Nearly six years later, Robert’s neurologist would be proven right.

“Now that a few years have past since I was diagnosed, I’m a lot more positive about the whole thing – life just goes on, albeit with a level of difficulty. I was told I’d likely have no more than two, maybe three years to live, and I’ve overstated that by almost two years now. I can still walk and do a lot of things for myself, but there are certain issues I need my wife to help me out with – showering, initial walking in the morning, that sort of thing.

“My fingers lacking feeling, so buttoning up shirt can be difficult. As time goes on, my speech is starting to waver slightly. My legs don’t work when I wake up in the morning and I need help to get up and around, up and down the stairs a few times to get my legs going, and once I get them going they’re fine until about 9 o’clock at night and then they get tired again. So, the way I try to overcome that is that I walk every day and my target is 5 miles, which I do achieve every day. That’s what keeps me going, because there’s not a lot that people can do for me. I’ve had a lot of good advice and a lot of confidence builders, from the health staff who tell me they can help me when my breathing becomes an issue, or when the headaches start kicking in they can give me oxygen.

“When I can’t swallow anymore, and I have some problems eating at the moment, then they can give me things to help. Looking into the future, I see myself going down a not very pleasant road, but at the end of the day I know that I’ve got a team of professional care people who will do their utmost to make life as bearable as possible for me and that’s the impression I’ve got from the people I’ve seen.

“I’m certainly not afraid of dying. I’ve had a few near misses in my life and I’ve seen people lose their life in the most awful way, so it doesn’t scare me but I’m not in a hurry to go, I have three kids of my own and a great wife who has supported me for 47 years.

“May looks after me where I need looking after but I’m quite headstrong and independent and I don’t want my family too involved until I need them to be involved – after all they have their own lives to lead and their own mark to leave on the world. They worry and they tend to treat you like a little kid sometimes, even if I make a cup of tea they want to make it for me, it’s a bit of an appreciated nonsense. When I can’t make a cup of tea, I’ll be grateful for the help, but it’s just because I’m their father they tend to wrap you up in cotton wool.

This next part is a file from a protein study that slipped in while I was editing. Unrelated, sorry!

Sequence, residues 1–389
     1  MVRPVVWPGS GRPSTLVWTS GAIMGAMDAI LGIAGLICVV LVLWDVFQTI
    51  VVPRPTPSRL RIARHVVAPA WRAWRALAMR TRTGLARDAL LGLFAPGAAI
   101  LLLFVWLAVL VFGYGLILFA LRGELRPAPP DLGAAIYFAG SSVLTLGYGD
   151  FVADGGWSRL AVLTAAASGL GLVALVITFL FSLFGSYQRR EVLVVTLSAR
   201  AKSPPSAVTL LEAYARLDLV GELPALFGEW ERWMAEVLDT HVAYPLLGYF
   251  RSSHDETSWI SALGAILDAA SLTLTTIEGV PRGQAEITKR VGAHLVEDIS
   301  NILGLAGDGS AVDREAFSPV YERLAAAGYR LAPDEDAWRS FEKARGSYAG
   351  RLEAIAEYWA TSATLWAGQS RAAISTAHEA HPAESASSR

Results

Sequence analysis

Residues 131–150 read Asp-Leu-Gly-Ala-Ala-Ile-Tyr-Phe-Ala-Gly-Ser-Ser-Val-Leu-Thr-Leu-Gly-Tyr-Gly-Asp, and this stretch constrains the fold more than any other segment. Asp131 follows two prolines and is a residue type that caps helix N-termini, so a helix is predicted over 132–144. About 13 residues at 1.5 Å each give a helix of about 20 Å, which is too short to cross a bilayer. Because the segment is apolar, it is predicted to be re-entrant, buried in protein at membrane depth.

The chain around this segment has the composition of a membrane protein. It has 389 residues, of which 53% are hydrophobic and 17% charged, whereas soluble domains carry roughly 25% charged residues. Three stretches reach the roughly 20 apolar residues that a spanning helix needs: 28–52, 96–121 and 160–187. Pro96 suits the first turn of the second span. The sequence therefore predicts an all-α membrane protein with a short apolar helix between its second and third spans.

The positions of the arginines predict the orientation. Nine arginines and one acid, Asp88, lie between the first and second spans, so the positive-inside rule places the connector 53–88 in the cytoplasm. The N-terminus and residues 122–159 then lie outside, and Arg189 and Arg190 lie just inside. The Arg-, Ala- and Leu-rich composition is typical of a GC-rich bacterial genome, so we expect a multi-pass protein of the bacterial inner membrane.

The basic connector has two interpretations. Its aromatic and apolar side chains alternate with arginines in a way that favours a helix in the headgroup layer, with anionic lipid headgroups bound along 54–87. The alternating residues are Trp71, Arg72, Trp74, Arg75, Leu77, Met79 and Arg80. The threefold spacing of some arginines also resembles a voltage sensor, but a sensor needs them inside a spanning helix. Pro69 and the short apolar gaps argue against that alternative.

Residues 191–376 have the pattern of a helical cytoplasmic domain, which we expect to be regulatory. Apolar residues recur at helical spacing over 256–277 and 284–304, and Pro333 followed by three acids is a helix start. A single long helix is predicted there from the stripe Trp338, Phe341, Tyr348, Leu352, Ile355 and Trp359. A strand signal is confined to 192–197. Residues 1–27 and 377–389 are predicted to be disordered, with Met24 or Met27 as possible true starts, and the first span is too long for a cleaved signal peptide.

“The thing is, I don’t need sympathy, what I need is somebody to say ‘Get on with it. Get it done’ and that’s what I like to hear, not ‘We’ll do this for you, we’ll do that for you.’ When I need help I’ll accept it, but at the moment I’m still my own man and I live and breathe like my own man and I make my own decisions. They seem to have accepted that for the moment, but I can see them hover to move in there, but it ain’t going to happen yet. I’m very proud of the three of them and I appreciate their concerns, but I’ve still got my life to lead. My wife sometimes finds it a bit difficult and it can cause friction between us, but I can’t give into this just yet.

“I’m not under any sort of illusion of what my future holds, but at the moment, one day at a time.”

During MND Action Week, the charity MND Scotland is calling on the public to imagine what it would be like to have MND and to help take action to end MND forever.

Robert said: “The support from MND Scotland has been fantastic. We had a visit from the charity’s Benefits Advice Service, who looked through our finances and helped us sort out what help we can get. It’s incredibly invaluable because, when you’ve been working your whole life, you don’t know where to start. They’ve also helped with a holiday grant, and I try not to miss any of the MND Scotland Support Groups.

“I think MND Scotland is one of these confidence builders in people. If you never had the charity there, where would you go? They can help with holidays, grants for adjustments to your home, equipment to make your life easier, and they also give advice on a wide range of topics. You couldn’t meet a nicer bunch of people – and I wish I’d never met them!”

During MND Action Week we’re calling on the nation to join us and help us to not just imagine a world without MND, but to make it a reality. To donate £3 to MND Scotland text IMAGINE to 70660 or visit www.mndscotland.org.uk/imagine.